Slavery still exists. In fact, there are more slaves today than have existed at any time in human history. Outsourcing to sweatshops in China has become an institution of the modern American business model; the sex industry in Thailand, while technically illegal, is more of a tourist attraction than a national epidemic. Yes, everyday, modern-day “slaves” must endure the weight of a profit-driven global economy, chained to a life of work for which they are sorely underpaid — or, in the case of Thailand, for which they were given no choice.
Here in Pasadena, steps are being taken to help alleviate this burden, which affects millions around the world, by officially becoming a “Fair Trade Town,” the second Southern California city to do so, joining Claremont in the fight against global poverty.
Fair Trade Towns is a campaign by which consumers can be assured the products they are purchasing were produced under healthy working conditions at a fair wage. At the same time, it encourages self-sufficiency and opens up the market to people who can pay an honest price for products otherwise unavailable.
According to Fair Trade Pasadena Committee Member Maya Sharp, Fair Trade uses commerce, not charity, as a way of including those disenfranchised members of society in a global economy. “I think it’s a beautiful way to support people in other countries without necessarily giving to charity,” Sharp said.
Kim Perez, who volunteers at Ten Thousand Villages in Pasadena, a Fair Trade retailer, recently returned from a trip to Nicaragua, where she met with farmers — all women — who work with an organization called “La FEM” (La Fundacion Entre Mujeres, or The Foundation Among Women). La FEM is a cooperative of “Just Coffee,” which supplies coffee to Perez’s store. “Fair Trade is a way to help these women directly,” Perez told the Weekly. “When you buy Fair Trade, you know that you’re supporting an individual who’s working hard. They just want a fair way to sell their products and this is a way to do it.” La FEM also provides educational programs focusing on literacy, domestic violence and reproductive health.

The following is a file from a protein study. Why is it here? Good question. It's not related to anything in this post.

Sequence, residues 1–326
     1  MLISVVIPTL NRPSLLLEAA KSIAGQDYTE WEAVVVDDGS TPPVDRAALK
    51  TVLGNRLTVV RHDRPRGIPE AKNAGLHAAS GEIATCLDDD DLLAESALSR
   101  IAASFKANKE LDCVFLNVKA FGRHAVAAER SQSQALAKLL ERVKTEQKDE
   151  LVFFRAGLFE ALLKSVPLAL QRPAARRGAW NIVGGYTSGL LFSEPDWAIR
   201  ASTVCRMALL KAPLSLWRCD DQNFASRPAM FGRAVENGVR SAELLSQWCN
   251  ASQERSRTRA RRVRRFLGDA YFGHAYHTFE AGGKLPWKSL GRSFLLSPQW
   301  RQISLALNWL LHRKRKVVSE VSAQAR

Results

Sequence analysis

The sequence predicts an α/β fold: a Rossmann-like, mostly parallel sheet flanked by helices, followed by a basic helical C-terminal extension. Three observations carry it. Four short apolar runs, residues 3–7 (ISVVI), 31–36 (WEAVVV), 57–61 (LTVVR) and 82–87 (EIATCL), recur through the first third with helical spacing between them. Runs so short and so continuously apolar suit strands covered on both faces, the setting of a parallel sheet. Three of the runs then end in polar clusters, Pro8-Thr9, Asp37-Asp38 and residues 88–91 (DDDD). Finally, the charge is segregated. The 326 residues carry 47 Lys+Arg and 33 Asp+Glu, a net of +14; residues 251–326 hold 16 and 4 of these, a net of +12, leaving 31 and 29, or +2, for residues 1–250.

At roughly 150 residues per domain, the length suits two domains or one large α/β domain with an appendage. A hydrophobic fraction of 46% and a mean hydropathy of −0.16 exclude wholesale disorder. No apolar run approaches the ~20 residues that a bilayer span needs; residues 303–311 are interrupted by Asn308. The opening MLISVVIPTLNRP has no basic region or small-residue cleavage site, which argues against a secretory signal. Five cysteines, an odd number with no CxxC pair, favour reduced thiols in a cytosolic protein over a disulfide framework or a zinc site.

Before it can be designated a Fair Trade Town by the campaign, a city must meet five criteria. It must have a certain percentage of its stores selling Fair Trade products, a certain number of organizations using Fair Trade products (for example, churches serving Fair Trade beverages during their coffee hours), events in which Fair Trade products are sold, a committee that meets regularly, and a resolution passed by a city council formally designating the city a Fair Trade Town.
On Jan. 14, with more than 40 local businesses currently selling Fair Trade goods (from small shops like Ten Thousand Villages to large retailers like Target), and over 25 organizations using such products, and with a committee formed, the City Council designated Pasadena a Fair Trade Town.
“Economically, it’s really good for Pasadena. People know they can find these products here,” said Fair Trade Pasadena Head Organizer Diana Percival. “For the community around the world, we are saying that we want the standards we expect here [to extend to] people all over the world [who are] producing goods. We hold these standards high for everyone across the board.”